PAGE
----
It was back in June that I’d had my eyes properly opened to the joys of hillwalking in Harris, when hubby and I went up Tiorga Mòr, a hill that I confess I hadn’t even heard of until shortly before.
We’d previously also climbed Todun – and what amazing views you get to Skye from there – but in all honesty the Clisham had always left me feeling a bit underwhelmed.
Maybe that’s because it’s such a hard pull up and there isn’t much in the way of a trail until you get close to the top. It’s always been pretty windy and slippery whenever I’ve been up too and the views just feel a bit disappointing. You can’t see way out west from the top of the Clisham.
However, I had never climbed the complete horseshoe before – the whole Clisham ridge – and I have been harbouring ambitions to do so for a while.
I wondered how it would compare to the Clisham on its own.
The thoughts were growing bigger and bigger and finally, on one beautiful sunny Friday two weeks ago, I decided to go for it. So I did the research and had a very close look at the map.
If you look at Walk Highlands or anywhere else it seems on the internet, the usual start point for the walk – a circular route – is Glen Scaladale. Read the reviews, though, and you’ll see most people complaining about how long an approach it is and how boggy.
My usual start point for the Clisham is the parking place at the bridge on the A859 Stornoway to Tarbert road, to the southeast of the Clisham itself (Grid Reference 174057 on OS Explorer map 456 of North Harris / Loch Seaforth) and I decided to stick with that for the whole ridge too.
That would mean doing the ridge clockwise instead of anti-clockwise, as many other folk seem to, but I think it was a good decision, for a number of reasons.
When the day came, there were perfect blue skies and great visibility, which was part of the reason I’d decided to tackle the route on this day. I knew it was unlikely that I’d need to micronavigate at any point. I’d be able to read the hills and take only general bearings if any at all.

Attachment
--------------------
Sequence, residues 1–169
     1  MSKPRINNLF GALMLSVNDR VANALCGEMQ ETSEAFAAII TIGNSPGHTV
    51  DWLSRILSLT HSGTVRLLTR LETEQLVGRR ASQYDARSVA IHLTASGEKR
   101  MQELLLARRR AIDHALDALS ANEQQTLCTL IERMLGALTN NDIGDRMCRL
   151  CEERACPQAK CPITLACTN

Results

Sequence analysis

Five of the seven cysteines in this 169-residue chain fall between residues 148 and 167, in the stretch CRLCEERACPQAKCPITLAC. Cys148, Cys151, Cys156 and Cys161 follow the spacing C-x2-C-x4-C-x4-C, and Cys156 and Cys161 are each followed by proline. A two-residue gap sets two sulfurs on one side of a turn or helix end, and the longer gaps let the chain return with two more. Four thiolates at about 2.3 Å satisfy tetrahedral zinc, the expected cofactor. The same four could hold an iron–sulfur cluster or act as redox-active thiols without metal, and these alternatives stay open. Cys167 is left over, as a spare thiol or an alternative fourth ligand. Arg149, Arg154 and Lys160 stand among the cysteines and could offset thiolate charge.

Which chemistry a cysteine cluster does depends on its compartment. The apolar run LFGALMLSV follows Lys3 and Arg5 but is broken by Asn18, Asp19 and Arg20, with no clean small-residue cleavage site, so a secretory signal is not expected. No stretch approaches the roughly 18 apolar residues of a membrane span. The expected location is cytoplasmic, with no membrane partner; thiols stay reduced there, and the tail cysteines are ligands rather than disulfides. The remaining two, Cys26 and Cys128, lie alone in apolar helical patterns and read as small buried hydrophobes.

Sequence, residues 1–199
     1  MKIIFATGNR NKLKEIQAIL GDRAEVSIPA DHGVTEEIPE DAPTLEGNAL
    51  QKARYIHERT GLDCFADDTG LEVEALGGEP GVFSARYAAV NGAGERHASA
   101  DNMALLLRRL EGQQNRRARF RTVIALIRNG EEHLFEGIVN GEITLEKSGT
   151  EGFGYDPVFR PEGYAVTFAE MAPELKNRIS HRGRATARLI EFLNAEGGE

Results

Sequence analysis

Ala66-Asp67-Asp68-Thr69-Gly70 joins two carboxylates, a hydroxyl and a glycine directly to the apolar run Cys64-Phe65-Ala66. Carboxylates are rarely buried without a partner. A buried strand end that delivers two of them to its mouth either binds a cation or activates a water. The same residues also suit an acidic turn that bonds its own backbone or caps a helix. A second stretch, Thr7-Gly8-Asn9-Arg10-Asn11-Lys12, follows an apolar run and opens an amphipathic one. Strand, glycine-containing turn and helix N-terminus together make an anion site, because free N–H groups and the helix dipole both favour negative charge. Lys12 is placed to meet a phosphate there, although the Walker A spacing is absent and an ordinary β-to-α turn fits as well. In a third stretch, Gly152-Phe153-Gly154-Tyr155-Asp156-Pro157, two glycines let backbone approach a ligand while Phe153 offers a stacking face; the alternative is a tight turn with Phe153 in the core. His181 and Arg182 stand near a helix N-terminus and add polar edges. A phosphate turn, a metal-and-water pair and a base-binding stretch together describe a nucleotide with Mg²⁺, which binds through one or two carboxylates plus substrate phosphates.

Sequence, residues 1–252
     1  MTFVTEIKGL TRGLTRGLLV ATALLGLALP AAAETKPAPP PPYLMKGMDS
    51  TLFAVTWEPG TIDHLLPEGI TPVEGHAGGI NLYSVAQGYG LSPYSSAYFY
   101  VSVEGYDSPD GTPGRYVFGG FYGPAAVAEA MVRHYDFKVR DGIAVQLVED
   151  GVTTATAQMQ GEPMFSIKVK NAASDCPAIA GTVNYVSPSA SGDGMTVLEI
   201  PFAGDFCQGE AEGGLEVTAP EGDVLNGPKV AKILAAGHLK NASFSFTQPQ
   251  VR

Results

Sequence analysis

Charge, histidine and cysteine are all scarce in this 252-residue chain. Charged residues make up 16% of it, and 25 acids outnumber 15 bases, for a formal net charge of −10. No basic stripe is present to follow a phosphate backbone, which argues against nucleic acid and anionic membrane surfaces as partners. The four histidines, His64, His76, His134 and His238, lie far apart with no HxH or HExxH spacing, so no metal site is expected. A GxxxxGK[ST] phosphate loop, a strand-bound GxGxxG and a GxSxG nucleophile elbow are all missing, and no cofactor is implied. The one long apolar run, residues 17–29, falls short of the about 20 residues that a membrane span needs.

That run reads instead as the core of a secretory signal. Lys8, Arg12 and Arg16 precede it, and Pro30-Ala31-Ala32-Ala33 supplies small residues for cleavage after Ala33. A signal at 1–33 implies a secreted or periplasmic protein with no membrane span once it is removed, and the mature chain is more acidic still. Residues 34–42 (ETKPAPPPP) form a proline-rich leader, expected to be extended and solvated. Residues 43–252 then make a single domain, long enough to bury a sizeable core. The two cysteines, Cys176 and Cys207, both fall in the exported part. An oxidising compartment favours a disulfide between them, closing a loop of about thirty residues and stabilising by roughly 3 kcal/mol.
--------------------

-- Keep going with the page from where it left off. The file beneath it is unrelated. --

Also, what is the point of doing a route like this if you’re not going to be able to see the views? I was there for the experience; not for a tick.
The approach to the Clisham is not all that easy. There isn’t much in the way of paths – only scraps of track on the east side of the Allt Tomnabhal but nothing very useful for long – and the best way up is to head for the shoulder and then pretty much straight up, following your nose.
You will be climbing almost exactly north west. Eventually a track will appear and take you through the rather bouldery top and to the summit cairn (799 metres, making it a good Corbett) but that’s only for the last 150 metres or so.
If you’re climbing the Clisham, you need to be prepared for a bit of a slog – along the boggier ground lower down and then up reasonably steep pathless slopes for a few hundred metres.
When you get to the summit cairn – always satisfying – the ridge is not yet visible. You have to go northwards past the cairn a little, until the ridge comes into view.
On a good day, like I had, you can see all along the peaks of the horseshoe – over An t-Isean to Mulla bho Dheas then Mulla bho Thuath and Mullach an Langa – and the only real challenge here is finding the best place to start dropping down to the bealach between Clisham (An Cliseam on the map) and An t-Isean / Mulla who Dheas.
I wasn’t sure where to start dropping down – it was obvious on the map; I could have measured it with the side of my compass and paced it out – but I had the good fortune to meet a couple of walkers, one of whom (as I later found out) was the North Harris ranger.
I picked his brain about route finding and also about the weather. It was pretty blowy up there and I was a bit apprehensive about heading for a narrow ridge in those conditions, but when I asked him if he thought if it was too windy to do the ridge, he assured me that, “no, no – this is normal”.
So, with my ‘it’s just a good drying day’ head on, I decided to continue. The ranger, Michael, also pointed out the bit of a track leading down from just past the Clisham cairn, which I was grateful for as it was easy to miss but I’ll know it for next time.